Dig Me Out - The 90s rock podcast
#485: Lilith Fair in the 90s

#485: Lilith Fair in the 90s

April 28, 2020

While the 90s were dominated by the touring festival as opposed to the current day destination festival, the first half and second half had decidedly different approaches. Lollapalooza took a variety of artists from across genres with the intention of exposing artists across differing fanbases, whereas the Warped Tour, Ozzfest, H.O.R.D.E. Tour, and Lilith Fair each narrowed their focus. In the case of Lilith Fair, the simplistic history is that it was a female-centric folk tour, headlined by the likes of Sarah McLachlan, the Indigo Girls, Suzanne Vega, and Sheryl Crow. In reality, over the course of three years, the festival provided a much broader spectrum of female artists, including Queen Latifah, Bonnie Raitt, Letters To Cleo, Liz Phair, Dance Hall Crashers, K's Choice, Luscious Jackson, Nenah Cherry, The Pretenders, Missy Elliott, The Cardigans, Susanna Hoffs, Juliana Hatfield, and many many more. To help us revisit we invited back a pair of performers (Kay Hanley of Letters to Cleo and Jill Cuniff of Luscious Jackson) and a pair of attendees (friend of the show Matt Shiverdecker and show announcer Katie Minneci), along with special call-in guests performer Tracy Bonham and attendee John Cornish.

 

Songs In This Episode:

 

Intro - Angel (Live) by Sarah McLachlan with Emmylou Harris

17:20 - Naked Eye (Live) by Luscious Jackson

24:49 - Surrounded (Live) by Chantal Kreviazuk

34:05 - The One (Live) by Tracy Bonham & telephone interview

41:27 - Not An Addict (Live) by K's Choice & memories with John Cornish

Outro - Here And Now (Live) by Letters To Cleo

 

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Listen to the episode archive at DigMeOutPodcast.com.

 

#484: Less Is More by Even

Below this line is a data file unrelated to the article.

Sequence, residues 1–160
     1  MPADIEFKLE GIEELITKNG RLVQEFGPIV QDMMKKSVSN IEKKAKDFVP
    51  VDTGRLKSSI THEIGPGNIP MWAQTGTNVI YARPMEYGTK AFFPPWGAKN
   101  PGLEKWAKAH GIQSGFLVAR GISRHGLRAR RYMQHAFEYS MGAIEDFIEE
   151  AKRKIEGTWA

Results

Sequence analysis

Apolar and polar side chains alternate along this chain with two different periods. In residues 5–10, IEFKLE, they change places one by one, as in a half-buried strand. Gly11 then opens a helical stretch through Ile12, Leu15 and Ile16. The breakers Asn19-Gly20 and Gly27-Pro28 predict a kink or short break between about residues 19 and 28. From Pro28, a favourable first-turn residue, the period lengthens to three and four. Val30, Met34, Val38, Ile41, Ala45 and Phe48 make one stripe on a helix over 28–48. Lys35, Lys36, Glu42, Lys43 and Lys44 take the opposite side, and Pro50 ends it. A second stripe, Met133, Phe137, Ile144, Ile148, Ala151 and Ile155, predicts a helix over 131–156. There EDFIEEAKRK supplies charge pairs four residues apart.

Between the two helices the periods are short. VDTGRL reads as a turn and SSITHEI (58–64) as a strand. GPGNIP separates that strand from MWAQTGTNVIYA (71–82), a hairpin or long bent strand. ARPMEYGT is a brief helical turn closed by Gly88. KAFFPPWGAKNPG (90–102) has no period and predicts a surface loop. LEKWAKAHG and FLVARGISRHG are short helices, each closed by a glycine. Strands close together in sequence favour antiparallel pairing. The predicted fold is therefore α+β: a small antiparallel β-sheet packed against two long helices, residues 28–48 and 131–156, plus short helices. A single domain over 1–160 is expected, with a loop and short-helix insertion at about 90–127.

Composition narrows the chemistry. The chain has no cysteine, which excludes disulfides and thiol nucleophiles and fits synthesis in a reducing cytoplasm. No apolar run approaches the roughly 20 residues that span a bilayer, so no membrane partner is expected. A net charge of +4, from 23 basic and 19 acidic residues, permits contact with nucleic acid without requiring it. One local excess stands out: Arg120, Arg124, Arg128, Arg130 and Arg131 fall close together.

#484: Less Is More by Even

April 21, 2020

Forging a sound out of American grunge and alternative along with British Invasion hooks and power pop melodies may seem like a recipe for disaster, but on their 1996 debut Less Is More, the Melbourne, Australian trio Even find the right balance. Channeling a Kurt Cobain cadence on one track and a John Lennon howl on another works best when the band keeps the songs short and tight, with plenty of catchy guitar riffs toss around. While we dug the high energy performances that pre-date the garage rock revival to come at the end of the decade, some of the production and rhythm choices (or lack of) left us wanting.

 

Songs In This Episode:

 

Intro - Karmic Flop

14:35 - End To End

19:45 - Don't Wait

26:02 - Eternal Teen

31:29 - No One Understands Me

Outro - Dean Morris

 

 

Support the podcast, join the DMO UNION at Patreon.

Listen to the episode archive at DigMeOutPodcast.com.
#483: Good Weird Feeling by Odds

#483: Good Weird Feeling by Odds

April 14, 2020

Once the alternative gold rush hit for bands in the 90s, one song could make or break an album. But for every Sex And Candy, Cumbersome or Possum Kingdom, hundreds of other bands failed to make the Top 40 for a variety of reasons that have nothing to do with the quality of the music. Take Vancouver, Canada's Odds, whose third album Good Weird Feeling is a smart combination of alternative guitar rock powered by two strong singers with a knack for lyrical twists. The two obvious singles, "Eat My Brain" and "Truth Untold" never found a home on American mainstream radio, and like so many of their northern counterparts, the band remains almost entirely unknown in the lower forty-eight.

 

Songs In This Episode:

 

Intro - Satisfied

17:41 - Oh Sorrow Oh Shame

20:55 - Break The Bed

24:56 - Truth Untold

31:07 - I Would Be Your Man

Outro - Eat My Brain

 

Support the podcast, join the DMO UNION at Patreon.

Listen to the episode archive at DigMeOutPodcast.com.

 

#482: Music Has The Right to Children by Boards of Cananda

#482: Music Has The Right to Children by Boards of Cananda

April 7, 2020

Though not as lauded as grunge, Brit-pop, the rise of pop-punk or other 90s-centric genres, electronic music evolved throughout the decade as well thanks to subtler sounds coming out of the UK. While electronica and trip-hop each had their moments in the mainstream spotlight, groups like the brother-duo Boards of Canada from Scotland slid under the radar with slightly different takes, theirs being a more chill, downtempo approach utilizing vintage synths and drum machines, tape loops and field recordings. Music Has The Right To Children, their 1998 debut after several well-regarded singles and EPs, takes full advantage of the tools, creating atmospheric soundscapes backed by drum and bass loops that lived-in rather than dialed-up, giving the record a timeless element that so many of their contemporaries failed to achieve.

 

Songs In This Episode:

 

Intro - Telephasic Workshop

18:06 - Roygbiv

20:48 - Turquoise Hexagon Sun

27:09 - Aquarius

Outro - Open The Light

 

Support the podcast, join the DMO UNION at Patreon.

Listen to the episode archive at DigMeOutPodcast.com.

 

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